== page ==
Barcelona, Spain [Travel Guide]

Back in February, Michael and I spent a week in Barcelona. When I saw that Delta was having an awesome flight sale around Thanksgiving ($400 RT out of Richmond!), I texted my travel pal and told him, "SURPRISE! We're going to Spain in a few months. Buy your tickets immediately, plz & thx." I was in the middle of moving to a new apartment, and Michael had just started a new job, but we couldn't pass up the opportunity.

Both of us had never been to Spain before, but we quickly fell in love with the delicious tapas, friendly locals, and charming culture. If you're planning your first trip to Barcelona, here are some things you should check out.


El Museu De L'Embotit: This local tapas bar was right across the street from our AirBnB, so we ate there several times (and had one too many glasses of sangria...). The bartender was really friendly and ordered for us during our first visit, since we were overwhelmed by the giant selection of tapas. Most of our meals consisted of a queso platter, pan con tomato, ensalada de atún, and jamón y patatas. Can we just talk about how amazing tapas are? They're cheap, delicious, and allow you to try a little bit of everything, since the portions are small.

Tapa Tapa Xiringuito: We had a quick lunch at Tapa Tapa Xiringuito while biking around Barcelona's coastline. I ordered a Spanish omelette (made with egg and potato), and Michael indulged in seared tuna and jamón ibérico on toasted bread. We were advised to stay away from boardwalk restaurants during our trip, but this meal was fantastic. My only disappointment was not being able to order gazpacho because it wasn't in season.

Taperia Ordesa: Our dinner at Taperia Ordesa was INSANE. I wish I took more pictures! I ordered a savory plate of grilled veggies, topped with goat cheese and honey. Michael ordered chicken skewers and red wine sausage, and we split crispy, fried potatoes topped with an egg over-easy, jamón ibérico, and caramelized onions. The bottom of our sangria glass was filled with sugar, which was amazing. I'm still dreaming of this meal.

Restaurante Casa Casares: After spending a few hours in La Sagrada Familia, we picked a random restaurant for lunch. Restaurante Casa Casares turned out to be a wonderful choice. Michael and I split a dish of boiled cod with potatoes and onions in a garlic paprika sauce. It was a light, refreshing meal, and we had a lovely conversation with the restaurant owner.

Restaurant Cheriff: This was my first time eating paella, a Spanish dish of rice, saffron, and a variety of seafood served in a large, shallow pan. I don't think words can accurately describe how fantastic this meal was. The dish was rich and creamy, and the seafood tasted so fresh. After our meal, the waiter gave us two shots of vodka to "cleanse our palette".


Nomad: This hip little cafe was a dream. Nestled in a secluded corridor in central Barcelona, Nomad serves artisanal, high quality coffee. This is where Michael and I got a much needed caffeine fix after our red eye flight.

Babelia: I loved the atmosphere of this cafe! It was packed when we stopped in for a cafe con leche to pair with our churros from Churreria San Roman, and the right wall was filled top to bottom and front to back with books, books, and more books. Books and coffee are two of my favorite things, so I was in heaven.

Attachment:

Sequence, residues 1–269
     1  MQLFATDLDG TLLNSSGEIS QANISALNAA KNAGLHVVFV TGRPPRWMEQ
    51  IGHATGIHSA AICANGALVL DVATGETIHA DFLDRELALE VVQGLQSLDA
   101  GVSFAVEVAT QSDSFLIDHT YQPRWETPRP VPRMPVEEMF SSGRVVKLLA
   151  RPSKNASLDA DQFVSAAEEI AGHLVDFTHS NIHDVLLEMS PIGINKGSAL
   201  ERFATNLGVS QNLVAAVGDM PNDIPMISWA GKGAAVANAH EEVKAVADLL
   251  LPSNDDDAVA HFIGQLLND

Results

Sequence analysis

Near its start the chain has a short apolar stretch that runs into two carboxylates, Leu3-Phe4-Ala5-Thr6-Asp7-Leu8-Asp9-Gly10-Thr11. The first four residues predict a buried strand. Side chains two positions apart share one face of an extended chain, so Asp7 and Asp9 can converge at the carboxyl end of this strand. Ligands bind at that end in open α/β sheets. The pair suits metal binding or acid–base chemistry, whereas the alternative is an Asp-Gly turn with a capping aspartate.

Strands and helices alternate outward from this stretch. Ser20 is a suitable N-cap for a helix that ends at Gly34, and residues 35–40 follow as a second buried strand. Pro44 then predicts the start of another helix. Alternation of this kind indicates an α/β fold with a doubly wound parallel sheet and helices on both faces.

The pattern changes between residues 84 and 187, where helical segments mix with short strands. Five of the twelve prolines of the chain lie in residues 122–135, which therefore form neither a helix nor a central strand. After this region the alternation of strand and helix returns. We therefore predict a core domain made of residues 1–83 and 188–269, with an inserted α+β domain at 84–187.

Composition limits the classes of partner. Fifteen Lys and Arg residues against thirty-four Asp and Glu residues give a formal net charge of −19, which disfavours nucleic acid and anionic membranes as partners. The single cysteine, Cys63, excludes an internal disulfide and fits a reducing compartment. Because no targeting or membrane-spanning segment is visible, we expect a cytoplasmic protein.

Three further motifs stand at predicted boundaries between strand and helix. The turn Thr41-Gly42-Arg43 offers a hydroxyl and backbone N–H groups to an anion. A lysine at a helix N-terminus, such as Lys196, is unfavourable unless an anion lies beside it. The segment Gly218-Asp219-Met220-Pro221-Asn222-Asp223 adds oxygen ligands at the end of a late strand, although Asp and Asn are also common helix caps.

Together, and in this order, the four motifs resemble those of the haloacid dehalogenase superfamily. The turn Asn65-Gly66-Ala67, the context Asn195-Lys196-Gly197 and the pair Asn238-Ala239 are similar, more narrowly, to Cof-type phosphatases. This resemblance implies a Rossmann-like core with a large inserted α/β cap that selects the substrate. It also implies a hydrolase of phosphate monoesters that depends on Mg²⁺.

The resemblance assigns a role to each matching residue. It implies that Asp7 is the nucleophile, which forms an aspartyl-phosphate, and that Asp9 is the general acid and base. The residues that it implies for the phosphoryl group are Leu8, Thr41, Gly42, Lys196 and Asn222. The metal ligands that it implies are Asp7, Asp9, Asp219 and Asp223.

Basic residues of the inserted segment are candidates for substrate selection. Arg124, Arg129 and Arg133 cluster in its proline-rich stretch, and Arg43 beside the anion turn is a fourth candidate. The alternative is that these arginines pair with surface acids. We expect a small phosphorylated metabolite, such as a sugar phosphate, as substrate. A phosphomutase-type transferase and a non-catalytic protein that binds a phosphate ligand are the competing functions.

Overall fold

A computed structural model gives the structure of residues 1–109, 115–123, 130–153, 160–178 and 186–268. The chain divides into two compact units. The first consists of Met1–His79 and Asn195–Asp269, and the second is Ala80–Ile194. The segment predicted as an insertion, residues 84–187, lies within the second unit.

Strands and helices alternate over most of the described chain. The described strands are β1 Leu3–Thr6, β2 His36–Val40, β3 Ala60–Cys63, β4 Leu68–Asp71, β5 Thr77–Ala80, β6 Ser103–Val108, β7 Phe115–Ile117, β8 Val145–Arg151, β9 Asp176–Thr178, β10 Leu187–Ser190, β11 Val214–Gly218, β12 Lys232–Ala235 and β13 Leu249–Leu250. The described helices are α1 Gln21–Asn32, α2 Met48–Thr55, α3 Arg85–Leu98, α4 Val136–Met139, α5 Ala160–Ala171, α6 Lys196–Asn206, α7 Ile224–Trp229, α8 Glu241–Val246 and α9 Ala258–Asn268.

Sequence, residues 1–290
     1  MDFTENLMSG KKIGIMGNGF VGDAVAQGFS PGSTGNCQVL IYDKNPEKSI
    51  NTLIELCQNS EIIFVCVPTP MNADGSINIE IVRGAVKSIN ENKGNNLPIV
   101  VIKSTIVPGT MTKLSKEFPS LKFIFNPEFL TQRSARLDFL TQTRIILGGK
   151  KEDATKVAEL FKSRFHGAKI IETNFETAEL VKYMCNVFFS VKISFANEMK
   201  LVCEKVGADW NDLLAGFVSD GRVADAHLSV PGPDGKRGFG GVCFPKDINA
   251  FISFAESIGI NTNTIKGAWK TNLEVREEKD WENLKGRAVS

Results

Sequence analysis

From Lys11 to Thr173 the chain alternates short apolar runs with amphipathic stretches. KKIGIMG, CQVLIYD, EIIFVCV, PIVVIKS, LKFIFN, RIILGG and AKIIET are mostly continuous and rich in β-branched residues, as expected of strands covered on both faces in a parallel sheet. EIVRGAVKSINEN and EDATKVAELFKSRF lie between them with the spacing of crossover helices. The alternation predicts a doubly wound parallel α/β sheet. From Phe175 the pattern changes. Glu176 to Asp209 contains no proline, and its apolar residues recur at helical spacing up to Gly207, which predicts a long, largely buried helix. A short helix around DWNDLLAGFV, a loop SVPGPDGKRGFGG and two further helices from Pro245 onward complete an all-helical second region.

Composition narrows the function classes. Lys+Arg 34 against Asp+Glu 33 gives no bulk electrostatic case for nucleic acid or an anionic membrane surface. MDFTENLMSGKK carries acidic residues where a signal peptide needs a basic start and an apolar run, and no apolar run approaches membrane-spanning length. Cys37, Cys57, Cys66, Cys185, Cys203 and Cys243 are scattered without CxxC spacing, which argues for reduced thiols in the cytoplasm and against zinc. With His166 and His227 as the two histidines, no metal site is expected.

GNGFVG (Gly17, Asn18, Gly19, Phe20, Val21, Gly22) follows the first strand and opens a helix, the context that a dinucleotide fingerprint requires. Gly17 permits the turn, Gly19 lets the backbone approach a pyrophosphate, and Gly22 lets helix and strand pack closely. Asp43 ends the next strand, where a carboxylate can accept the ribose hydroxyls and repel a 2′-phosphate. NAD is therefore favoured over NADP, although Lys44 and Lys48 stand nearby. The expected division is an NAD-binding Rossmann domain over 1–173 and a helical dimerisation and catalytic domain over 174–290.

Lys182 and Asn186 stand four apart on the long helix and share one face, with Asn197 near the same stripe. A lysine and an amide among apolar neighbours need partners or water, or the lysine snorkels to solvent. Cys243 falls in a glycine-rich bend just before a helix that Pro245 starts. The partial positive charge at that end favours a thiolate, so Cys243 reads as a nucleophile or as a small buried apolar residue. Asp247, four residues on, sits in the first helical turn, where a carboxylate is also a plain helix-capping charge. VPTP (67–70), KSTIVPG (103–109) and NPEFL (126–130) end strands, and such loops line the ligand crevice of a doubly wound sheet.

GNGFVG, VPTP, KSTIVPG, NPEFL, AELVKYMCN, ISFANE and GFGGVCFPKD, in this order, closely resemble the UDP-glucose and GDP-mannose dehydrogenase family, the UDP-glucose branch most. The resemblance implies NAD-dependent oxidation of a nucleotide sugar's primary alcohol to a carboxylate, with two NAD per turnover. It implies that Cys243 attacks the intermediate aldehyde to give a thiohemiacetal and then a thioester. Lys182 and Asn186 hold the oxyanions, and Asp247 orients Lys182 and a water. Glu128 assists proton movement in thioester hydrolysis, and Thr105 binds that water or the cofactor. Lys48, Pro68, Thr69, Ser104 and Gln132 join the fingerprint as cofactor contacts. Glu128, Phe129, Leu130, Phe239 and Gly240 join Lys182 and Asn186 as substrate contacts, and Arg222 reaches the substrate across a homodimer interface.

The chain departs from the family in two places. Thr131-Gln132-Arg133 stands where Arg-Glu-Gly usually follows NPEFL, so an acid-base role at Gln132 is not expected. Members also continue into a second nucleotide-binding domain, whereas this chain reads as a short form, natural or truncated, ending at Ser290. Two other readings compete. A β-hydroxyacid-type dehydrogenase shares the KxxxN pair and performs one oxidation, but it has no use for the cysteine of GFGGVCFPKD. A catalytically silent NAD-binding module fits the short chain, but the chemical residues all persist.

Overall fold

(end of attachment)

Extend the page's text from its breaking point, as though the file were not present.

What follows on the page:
Jansana Gluten Free Bakery: I was thrilled to find a dedicated gluten-free bakery in Barcelona. We loaded up on croissants, donuts, cookies, and a bunch of other pastries during our first visit, and they lasted us the entire trip. Everything was so. freaking. good. 


The Gothic Quarter (Barri Gòtic): The Gothic Quarter is one of the most famous neighborhoods in Barcelona, recognized by its narrow corridors and labyrinthine street pattern. Many of the buildings in this area date back to medieval times. Most of the quarter is open to taxis but closed to regular traffic. This is a really neat area to explore, but it's easy to get lost at night. (Yup, that happened to us.)

Las Ramblas: Las Ramblas is one of the most popular streets in Central Barcelona, both to tourists and locals. It's almost a mile long, and it connects Placa de Catalunya with the Christopher Columbus monument at Port Vell. Las Ramblas gets crowded during tourist season because of its many souvenir kiosks and gift shops, but it was pleasant to explore in February. 

Columbus Monument: At the lower end of Las Ramblas, you'll find the Christopher Columbus monument. It was constructed in 1888 in honor of Columbus's first voyage to North America. There are eight majestic bronze lions at the base of the monument, so naturally, I had to climb on top of one. (I did the same exact thing in London at Trafalgar Square, except I got yelled at by a policeman that time.)

Arc de Triomf: This is one of Barcelona's iconic landmarks. It was built in 1888 as the entrance to the Universal Exhibition Fair, which took place in Parc de la Ciutadella. The intricate detail of the Arc de Triomf is pretty astounding.

Barceloneta Beach: Located in the fishing district, Barceloneta beach is one of the oldest and most popular beaches in Barcelona. We visited several times before leaving Spain, both to leisurely explore the boardwalk and collect sea glass from the Mediterranean Sea. It was in the 50s and 60s during our trip, so we didn't catch many sunbathers, but the coast was still pretty crowded.


Browse La Boqueria Market. This colorful market offers everything from seafood to fresh juices and vegetables to candied nuts and sweet pastries. There are also a few tapas bars inside, so you can satisfy your appetite before or after you shop for local goods.

Attend a futbol match at Camp Nou Stadium. This is, by far, one of the coolest things I've ever done. We were lucky enough to score tickets to a Barcelona vs. Atlético Madrid match on the first day of our trip, and it was an awesome experience. The stadium was HUGE, and the spirit of the game was infectious. 

Visit La Sagrada Familia. La Sagrada Familia is a huge Roman Catholic church that was designed by Antoni Gaudi. It's one of the most popular tourist attractions in Barcelona, and it's quite a spectacle. The intricate exterior of the church is only rivaled by the gorgeous, colorful interior. You can see the basilica looming over the city from basically any rooftop in Barcelona. It's truly breathtaking.